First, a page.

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Working With Birth Parents

If you have followed my blog you know that I have not always been easy on birth parents. In fact, I have been critical, judgmental, tough, frustrated, and angry. And then this amazing thing happened: I learned to work with and form a relationship with the Birth Mom of my former foster kids. I would NEVER in a million years have believed that I could do that with any birth parent, particularly this birth parent.

I thought I would share how I got enough perspective to reach this point. It was not easy. And it was definitely a process. And I'm not sure if I read someone else's story that I would have followed their advice. But I did read about other foster parents who had openness with former foster placements and I found it helpful to know that others managed to make it work (even if I thought they were crazy).

1) Realize that the Birth Family comes from a completely place.

Not just a different city or county but a different culture, set of experiences and lifestyle. I know that this is discussed in most foster parenting classes. But take everything you know and throw it out the window. I had no reference point of where Maria came from. 

It became painfully obvious how different we were the time I took her to a burger place and she tried to order soup. Why did she order soup? Because she wouldn't dream of paying $8 for a hamburger and couldn't read anything on the menu. Could you imagine living in a world where you only understand a teeny bit of what is going on around you if you leave your house? What if your house changes every few months? When you move every few months you don't have "things". No lamps. No dressers. No plates or silverware. 

2) Realize that the birth parent, at some point, has also had trauma and has likely been a victim.

It was really easy for me to hold it against Maria that she was in an abusive relationship even after she had been arrested for domestic violence against her children and in therapy for a year. A year? This woman had had 20+ years of trauma and violence against her, much of it at the hand of her own relatives and people who claimed to care about her. A year of therapy (with the wrong therapist IMO) wasn't going to make a dent.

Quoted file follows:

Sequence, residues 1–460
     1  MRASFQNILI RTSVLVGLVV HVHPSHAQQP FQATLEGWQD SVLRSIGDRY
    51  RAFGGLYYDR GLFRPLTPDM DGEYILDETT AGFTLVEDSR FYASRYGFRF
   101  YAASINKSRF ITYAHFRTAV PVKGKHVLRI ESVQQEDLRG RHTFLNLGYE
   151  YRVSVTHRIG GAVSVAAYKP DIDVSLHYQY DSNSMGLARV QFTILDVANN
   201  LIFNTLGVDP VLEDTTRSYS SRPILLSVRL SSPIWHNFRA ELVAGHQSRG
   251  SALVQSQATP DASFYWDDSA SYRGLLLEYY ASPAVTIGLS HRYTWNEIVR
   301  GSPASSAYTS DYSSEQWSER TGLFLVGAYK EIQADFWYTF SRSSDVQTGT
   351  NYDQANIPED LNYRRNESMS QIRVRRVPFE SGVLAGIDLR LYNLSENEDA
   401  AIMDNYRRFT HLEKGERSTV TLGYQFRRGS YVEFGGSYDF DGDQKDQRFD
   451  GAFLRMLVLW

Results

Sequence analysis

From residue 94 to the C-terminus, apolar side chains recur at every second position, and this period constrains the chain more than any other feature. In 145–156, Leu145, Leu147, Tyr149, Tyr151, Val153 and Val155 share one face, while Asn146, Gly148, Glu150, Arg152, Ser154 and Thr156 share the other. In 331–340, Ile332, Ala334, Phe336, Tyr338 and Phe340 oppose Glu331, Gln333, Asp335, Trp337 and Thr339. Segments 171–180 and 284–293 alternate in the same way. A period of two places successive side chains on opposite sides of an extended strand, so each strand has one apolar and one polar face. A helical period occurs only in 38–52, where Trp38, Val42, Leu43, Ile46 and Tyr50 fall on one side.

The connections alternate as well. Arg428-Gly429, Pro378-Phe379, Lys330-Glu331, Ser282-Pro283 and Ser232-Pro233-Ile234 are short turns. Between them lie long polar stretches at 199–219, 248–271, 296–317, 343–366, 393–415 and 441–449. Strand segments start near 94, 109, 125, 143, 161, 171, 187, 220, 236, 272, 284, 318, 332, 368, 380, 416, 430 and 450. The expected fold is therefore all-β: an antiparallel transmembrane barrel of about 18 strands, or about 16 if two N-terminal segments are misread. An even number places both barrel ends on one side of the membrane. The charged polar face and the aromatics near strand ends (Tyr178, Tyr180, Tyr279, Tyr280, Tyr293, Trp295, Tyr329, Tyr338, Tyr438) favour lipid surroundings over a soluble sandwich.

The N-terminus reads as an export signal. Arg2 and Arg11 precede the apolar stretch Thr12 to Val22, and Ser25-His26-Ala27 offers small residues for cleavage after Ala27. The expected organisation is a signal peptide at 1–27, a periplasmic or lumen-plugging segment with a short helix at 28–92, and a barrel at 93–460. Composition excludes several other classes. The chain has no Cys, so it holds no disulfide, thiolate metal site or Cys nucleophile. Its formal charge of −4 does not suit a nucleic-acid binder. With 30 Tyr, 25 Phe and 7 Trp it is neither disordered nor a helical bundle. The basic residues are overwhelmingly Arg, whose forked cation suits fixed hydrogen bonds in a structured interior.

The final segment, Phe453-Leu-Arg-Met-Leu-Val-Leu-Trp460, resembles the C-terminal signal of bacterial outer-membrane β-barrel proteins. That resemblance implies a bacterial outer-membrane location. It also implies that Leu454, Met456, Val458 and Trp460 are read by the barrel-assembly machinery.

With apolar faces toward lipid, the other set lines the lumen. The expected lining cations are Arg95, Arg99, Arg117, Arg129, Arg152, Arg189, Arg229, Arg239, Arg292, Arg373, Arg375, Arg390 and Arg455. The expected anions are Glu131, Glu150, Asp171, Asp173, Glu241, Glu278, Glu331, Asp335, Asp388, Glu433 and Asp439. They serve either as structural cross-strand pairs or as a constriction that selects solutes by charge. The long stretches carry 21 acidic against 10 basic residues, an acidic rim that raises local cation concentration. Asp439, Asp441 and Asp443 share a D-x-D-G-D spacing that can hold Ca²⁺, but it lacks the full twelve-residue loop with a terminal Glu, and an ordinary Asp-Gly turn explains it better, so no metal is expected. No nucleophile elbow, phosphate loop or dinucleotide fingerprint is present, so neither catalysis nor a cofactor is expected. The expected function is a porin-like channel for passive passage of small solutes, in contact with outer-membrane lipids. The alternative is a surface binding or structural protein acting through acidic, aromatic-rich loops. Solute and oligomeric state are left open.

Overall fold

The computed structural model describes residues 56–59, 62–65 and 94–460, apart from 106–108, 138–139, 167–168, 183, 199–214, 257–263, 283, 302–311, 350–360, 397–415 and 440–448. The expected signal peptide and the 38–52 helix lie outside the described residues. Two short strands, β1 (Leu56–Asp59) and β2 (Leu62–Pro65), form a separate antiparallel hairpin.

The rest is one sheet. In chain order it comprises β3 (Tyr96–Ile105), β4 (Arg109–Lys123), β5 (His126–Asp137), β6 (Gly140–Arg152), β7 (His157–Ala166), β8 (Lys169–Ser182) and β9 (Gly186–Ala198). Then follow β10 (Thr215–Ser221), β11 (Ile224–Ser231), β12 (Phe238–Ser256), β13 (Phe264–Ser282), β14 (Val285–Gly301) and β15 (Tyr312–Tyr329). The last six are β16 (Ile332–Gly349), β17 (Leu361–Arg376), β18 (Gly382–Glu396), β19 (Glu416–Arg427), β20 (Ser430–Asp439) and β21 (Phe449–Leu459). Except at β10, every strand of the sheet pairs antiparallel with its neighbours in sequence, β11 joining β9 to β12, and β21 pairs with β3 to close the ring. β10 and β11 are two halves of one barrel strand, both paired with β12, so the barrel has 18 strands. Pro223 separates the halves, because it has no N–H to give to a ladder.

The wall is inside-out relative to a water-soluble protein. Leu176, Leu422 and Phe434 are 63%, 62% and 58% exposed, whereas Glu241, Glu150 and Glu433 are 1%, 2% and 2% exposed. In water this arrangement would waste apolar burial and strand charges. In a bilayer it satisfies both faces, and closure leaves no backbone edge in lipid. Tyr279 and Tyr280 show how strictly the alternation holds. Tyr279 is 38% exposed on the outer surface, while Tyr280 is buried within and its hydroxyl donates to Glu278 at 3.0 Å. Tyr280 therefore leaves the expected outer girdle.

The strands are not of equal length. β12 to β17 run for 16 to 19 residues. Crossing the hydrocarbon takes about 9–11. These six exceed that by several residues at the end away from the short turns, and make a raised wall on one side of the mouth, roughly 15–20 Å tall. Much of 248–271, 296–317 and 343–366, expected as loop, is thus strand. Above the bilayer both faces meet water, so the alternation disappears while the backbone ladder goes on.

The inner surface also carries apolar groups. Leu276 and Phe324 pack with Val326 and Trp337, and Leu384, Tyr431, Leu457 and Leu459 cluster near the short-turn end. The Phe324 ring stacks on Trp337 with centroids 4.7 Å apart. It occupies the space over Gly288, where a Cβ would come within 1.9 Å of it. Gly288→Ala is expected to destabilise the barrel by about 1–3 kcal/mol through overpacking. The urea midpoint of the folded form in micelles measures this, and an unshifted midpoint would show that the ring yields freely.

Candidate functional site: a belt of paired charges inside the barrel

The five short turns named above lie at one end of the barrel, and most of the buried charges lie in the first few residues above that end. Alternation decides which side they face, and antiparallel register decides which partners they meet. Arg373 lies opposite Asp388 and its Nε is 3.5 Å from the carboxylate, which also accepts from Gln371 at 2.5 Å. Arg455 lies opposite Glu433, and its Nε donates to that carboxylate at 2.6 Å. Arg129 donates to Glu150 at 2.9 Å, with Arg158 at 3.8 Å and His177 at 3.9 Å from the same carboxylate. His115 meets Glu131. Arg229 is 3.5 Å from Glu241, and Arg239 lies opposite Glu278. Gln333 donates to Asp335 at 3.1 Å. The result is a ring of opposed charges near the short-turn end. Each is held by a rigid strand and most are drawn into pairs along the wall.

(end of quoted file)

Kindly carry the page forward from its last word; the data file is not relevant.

As I watched her with her kids, a lot of her actions reminded me of the traits in her kids that needed healing. And healing takes time. And healing can be exhausting. Then add having every move you make analyzed and documented. And no one there every day helping you. In fact, in some instances she had people working against her. There was no therapeutic parent working with her daily like her kids had. Seeing her in this way allowed me to stop vilifying her and see that she really needed my help.

3) Remember your role and where the bar gets set.

My role as a foster parent is to help reunify a family and advocate for the children in my home. Sometimes those two responsibilities conflict. And sometimes you believe they conflict. At the end of the road, it became clear that I needed to do a better job of remembering my role is also to help reunify a family ahead and put aside my own feelings. 

Those are my kids. Even now, 5 months later, it is hard for me to think of them in any other way. But the aren't really my kids. They are hers. And while I believe it is my job to love and protect and act as Mom to any child in my care, I'm not their forever mother until a judge tells me so. That means sometimes you have to revisit your purpose and your role. That means that if the case has made it to the point where overnight visits are happening and the judge moves to move the children home, you have to trust that everyone did their part just as well as you did.
 
In the end, being able to say to a biological parent, "These kids need to go home to you. Back and forth doesn't make sense." allowed me to stay in their life. It allowed her to begin to see me as someone other than the enemy.
 
It also helps to remember that the bar of acceptability gets set at good enough. Minimum parenting standard. And while it stinks because every kid deserves better than the minimum, this isn't the way it works.
  •  Can the birth parent clothe the children? The answer is yes if the clothes are clean and acceptable for the weather. They do not have to match. They do not have to fit nicely. They do not have to be permanent stain free.
  • Can the birth parent shelter the child? Sharing a room with mattresses on the floor is acceptable to the state. Matching bed spreads and bunk beds with guard rails need not apply.
  • Can the birth parent ensure the child gets an education? Are they showing up to school pretty much? Are they mostly doing their work? Then the birth parent has been successful. 3 grades behind? Perhaps they kind find a tutor at the library.
  • Can the birth parent feed the child? Did they sign them up for the free breakfast and lunch? Did they eat dinner (even if it only consists of eggs, beans, and tortilla)? Are they malnourished?
  • Can the birth parent keep the child safe? Do the kids have access to a phone? Is there a lock on the door? Is the birth parent at least attempting to keep away harmful people? If so then this standard is met.
 
Post reunification both of us have really worked to respect the other. She has tried to share her children with me and I've tried to share my knowledge with her. We have not really come to blows over an issue or a disagreement and I think that's because we are both really trying very hard. I remember that just because her way is not my way does not mean it is wrong. I have nearly forgotten the things that made me crazy in the past because now they won't do me any good.
 
I hope that the above helps. It is not easy. Foster care and foster parenting never is. but it is so rewarding. And there are so many families that need our help.
 
 

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